The Art and Gift of Coaching: A Dialogue on Youth Development in Sports

(Jointly Authored with Ryan Brazuk)

Coaching is an art. Better yet it's a gift. Having the opportunity to journey with young athletes, encouraging them, teaching them, motivating them, and seeing them realize their potential on the field/court and in life - that indeed is a gift.

But it's an art too. Just because someone was a good player growing up doesn't mean that they will be a good coach. And just because someone knows the game (historically or strategically) that also doesn't necessarily translate into success on the sidelines.

Over the last couple of months, the two of us have had a number of conversations about coaching and thought that maybe we could share some of what's come up during our ongoing dialogue. While one of us (Ryan) has coached soccer for a number of years on various levels and the other (Chaz) has coached basketball for the last two decades, there are many core lessons about youth coaching that transcend the differences in these two sports. The hope is that what follows will be an encouragement to current and future coaches and that it will push them to think about how they engage their players in the future whether the goal is producing future collegiate athletes and professionals, winning your league title, improving the play of your kids, or just getting some exercise and having some fun.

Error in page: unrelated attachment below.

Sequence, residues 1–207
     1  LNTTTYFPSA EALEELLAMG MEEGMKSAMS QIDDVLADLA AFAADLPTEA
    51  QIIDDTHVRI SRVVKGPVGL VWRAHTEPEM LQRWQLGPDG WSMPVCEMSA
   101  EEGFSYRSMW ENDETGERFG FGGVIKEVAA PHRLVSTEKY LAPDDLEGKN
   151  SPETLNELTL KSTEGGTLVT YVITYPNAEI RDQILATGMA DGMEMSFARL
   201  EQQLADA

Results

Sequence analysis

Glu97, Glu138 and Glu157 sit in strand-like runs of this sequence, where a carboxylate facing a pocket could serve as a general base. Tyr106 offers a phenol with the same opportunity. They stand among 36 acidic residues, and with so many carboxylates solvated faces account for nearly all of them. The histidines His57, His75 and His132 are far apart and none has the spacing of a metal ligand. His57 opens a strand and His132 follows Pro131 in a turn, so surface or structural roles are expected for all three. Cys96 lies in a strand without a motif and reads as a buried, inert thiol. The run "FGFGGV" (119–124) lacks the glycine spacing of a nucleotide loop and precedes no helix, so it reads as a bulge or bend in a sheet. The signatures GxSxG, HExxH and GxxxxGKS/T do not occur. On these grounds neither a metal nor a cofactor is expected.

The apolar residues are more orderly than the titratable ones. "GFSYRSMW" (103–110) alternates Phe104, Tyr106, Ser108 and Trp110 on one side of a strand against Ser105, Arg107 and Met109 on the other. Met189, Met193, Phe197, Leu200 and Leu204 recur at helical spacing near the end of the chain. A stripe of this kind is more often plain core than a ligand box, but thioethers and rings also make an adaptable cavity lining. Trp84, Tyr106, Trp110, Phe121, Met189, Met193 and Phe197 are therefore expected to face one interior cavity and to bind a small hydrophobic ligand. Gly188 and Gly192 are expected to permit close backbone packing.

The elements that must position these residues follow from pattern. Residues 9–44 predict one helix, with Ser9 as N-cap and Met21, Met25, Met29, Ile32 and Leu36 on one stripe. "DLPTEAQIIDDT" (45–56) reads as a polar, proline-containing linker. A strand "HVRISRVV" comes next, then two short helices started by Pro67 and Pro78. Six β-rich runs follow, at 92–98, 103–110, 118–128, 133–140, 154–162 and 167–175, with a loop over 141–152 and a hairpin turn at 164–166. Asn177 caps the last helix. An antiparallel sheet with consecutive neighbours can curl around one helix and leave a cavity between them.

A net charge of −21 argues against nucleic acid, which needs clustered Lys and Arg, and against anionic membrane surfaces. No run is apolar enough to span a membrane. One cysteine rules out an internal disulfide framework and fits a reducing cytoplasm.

The Art of Coaching Practice and Training